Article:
Static diagnosis relies on a large amount of pre-determined information, and can only be as accurate as the information that it built from. This is perfectly functional if the fault is known or understood, but it assumes that certain conditions hold.
Dynamic diagnosis, however, uses a model that is continually adjusted. The facts that are fed to the model are continually updated as more information is understood, or certain conditions met or ruled out.
The key differentiators of such a system is its ability to leverage vehicle engineering data and improve over time. This is especially true for dynamic, data-driven diagnosis systems. Equally as important, however, is the ability to trust in the quality of the data within the model. Take, for example, the need to ensure that – for a given vehicle – as much as possible that there are viable root-causes for parts.
A dynamic system has an inherent advantage in these scenarios. The power of Trace2Fix reasoning engine allows clever algorithms to be developed that can detect simple gaps that would have otherwise been missed and perhaps never discovered. For example:
For a typical OEM thousands upon thousands of vehicles are diagnosed every day. It is vital that this data is captured, as it is invaluable in both validation of current model links, and learning of new and un-related links.
A typical (by simplified) data capture process can be seen in Figure 1. Local clients capture data, and store diagnostic sessions. These are then asynchronously fed to a remote storage system that captures and manages the data. The session tracking engine can be optimised to handle online/offline scenarios and track multiple local clients transparently.
Figure 1 Session Capture and Storage
The volume of data collected is significant. The pictographic below shows the volume of data that would be collected if all diagnostic sessions for a typical medium-large OEM.
Figure 2- Diagnostic data volumes
With so much data, it is important that the format is easy to interpret, and well keyed. This allows for offline processors to crawl the data space and extract facts that can then be used for further analytics.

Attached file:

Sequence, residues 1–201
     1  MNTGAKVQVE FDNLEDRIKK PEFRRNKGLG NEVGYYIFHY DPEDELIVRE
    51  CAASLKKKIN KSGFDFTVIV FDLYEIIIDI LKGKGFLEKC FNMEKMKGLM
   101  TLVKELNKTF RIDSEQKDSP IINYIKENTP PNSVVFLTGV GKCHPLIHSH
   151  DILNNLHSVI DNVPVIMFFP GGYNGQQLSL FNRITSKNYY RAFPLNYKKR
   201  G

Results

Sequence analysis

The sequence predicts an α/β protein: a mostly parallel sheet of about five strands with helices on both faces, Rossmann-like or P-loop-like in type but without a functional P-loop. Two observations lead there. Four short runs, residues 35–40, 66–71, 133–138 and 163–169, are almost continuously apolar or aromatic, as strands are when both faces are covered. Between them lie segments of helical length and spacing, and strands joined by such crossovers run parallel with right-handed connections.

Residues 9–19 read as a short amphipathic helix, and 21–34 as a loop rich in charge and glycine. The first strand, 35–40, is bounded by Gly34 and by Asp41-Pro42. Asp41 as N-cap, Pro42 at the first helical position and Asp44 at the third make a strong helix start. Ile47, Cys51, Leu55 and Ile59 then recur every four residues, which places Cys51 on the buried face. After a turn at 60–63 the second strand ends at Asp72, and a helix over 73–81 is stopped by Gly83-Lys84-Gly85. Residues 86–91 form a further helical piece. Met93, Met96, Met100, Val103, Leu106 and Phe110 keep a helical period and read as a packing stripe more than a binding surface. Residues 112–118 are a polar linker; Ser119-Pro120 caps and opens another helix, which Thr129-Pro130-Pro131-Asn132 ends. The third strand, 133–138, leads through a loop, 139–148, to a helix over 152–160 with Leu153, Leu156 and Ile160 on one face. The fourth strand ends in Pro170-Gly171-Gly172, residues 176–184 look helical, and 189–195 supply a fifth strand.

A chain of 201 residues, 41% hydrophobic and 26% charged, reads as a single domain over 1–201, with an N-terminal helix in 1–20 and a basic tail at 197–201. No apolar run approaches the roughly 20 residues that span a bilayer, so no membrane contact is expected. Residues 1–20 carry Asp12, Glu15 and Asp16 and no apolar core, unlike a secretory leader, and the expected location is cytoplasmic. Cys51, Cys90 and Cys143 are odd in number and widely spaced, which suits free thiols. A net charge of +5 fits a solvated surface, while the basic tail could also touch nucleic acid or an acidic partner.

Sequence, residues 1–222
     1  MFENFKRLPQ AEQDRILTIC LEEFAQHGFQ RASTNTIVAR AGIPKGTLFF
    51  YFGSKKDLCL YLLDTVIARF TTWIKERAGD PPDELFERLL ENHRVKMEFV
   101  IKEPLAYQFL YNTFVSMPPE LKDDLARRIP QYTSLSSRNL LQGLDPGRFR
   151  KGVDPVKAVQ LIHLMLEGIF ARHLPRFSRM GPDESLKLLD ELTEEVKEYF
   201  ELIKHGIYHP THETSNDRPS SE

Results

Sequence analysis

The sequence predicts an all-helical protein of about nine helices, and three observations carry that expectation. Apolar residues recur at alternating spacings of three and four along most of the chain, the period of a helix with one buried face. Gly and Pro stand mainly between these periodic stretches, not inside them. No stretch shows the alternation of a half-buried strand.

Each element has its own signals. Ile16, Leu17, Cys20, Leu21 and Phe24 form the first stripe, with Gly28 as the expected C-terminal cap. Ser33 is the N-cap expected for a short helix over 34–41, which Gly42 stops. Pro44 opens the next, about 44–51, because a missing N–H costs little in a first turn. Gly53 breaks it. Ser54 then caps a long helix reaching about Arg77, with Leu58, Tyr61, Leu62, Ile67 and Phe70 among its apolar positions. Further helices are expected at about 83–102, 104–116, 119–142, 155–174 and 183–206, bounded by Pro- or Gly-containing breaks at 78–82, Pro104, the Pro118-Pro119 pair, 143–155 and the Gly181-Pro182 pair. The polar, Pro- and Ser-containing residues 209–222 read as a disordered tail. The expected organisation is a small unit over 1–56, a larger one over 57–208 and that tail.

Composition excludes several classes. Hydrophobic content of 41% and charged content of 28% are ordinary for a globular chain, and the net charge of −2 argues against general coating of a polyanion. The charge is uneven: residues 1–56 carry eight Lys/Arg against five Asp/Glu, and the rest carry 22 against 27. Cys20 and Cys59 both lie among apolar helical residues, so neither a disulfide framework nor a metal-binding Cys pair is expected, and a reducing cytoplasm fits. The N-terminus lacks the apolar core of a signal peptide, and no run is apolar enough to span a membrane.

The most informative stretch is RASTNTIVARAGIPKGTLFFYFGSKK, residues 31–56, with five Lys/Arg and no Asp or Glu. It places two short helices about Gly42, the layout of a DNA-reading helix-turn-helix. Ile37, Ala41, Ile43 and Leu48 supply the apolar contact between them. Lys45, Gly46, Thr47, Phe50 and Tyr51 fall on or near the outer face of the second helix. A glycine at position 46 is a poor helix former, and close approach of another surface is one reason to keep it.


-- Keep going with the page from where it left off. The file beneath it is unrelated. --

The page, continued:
The concept of the learning loop is enabled by the large amount of data that the system gathers. Take for example, a scenario where suddenly, an increasing number of components are being replaced, but with no fault found. With the data present in the system, it is possible to spot clusters of failures that are not expected – and alert the system engineers to issues early. It is then possible to isolate the cause, and update the model to provide an alternative test that directs the technician to check the ‘actual’ causal component, removing the no-fault-found situation.
KGRIP is KPIT’s model-based diagnostics solution. It’s ground-up scalable architecture, combined with state-of-the-art reasoning engine make KGRIP the ideal solution.
One of the fundamental checkpoints of any diagnostic system is: how effective am I? Some questions that need to be asked are:
The Trace2Fix solution provides tools to significantly lower the overhead of validating these questions. The solution provides tooling and reports that allow an engineer to inspect the model and quickly determine any breakages, and their associated fixes.
To summarize the ever-increasing diagnostic needs of modern vehicles will drive innovation in many areas. The complexity may eventually reduce as modern solutions to traditional problems evolve the technological make-up of a vehicle, but there will always be a need for effective diagnosis and thus a system that can provide effective tools to end-users – the technicians.
KPIT has products and services that meet and exceed the demands of the increasingly complex diagnosis.
Head of Diagnostics Data CoC,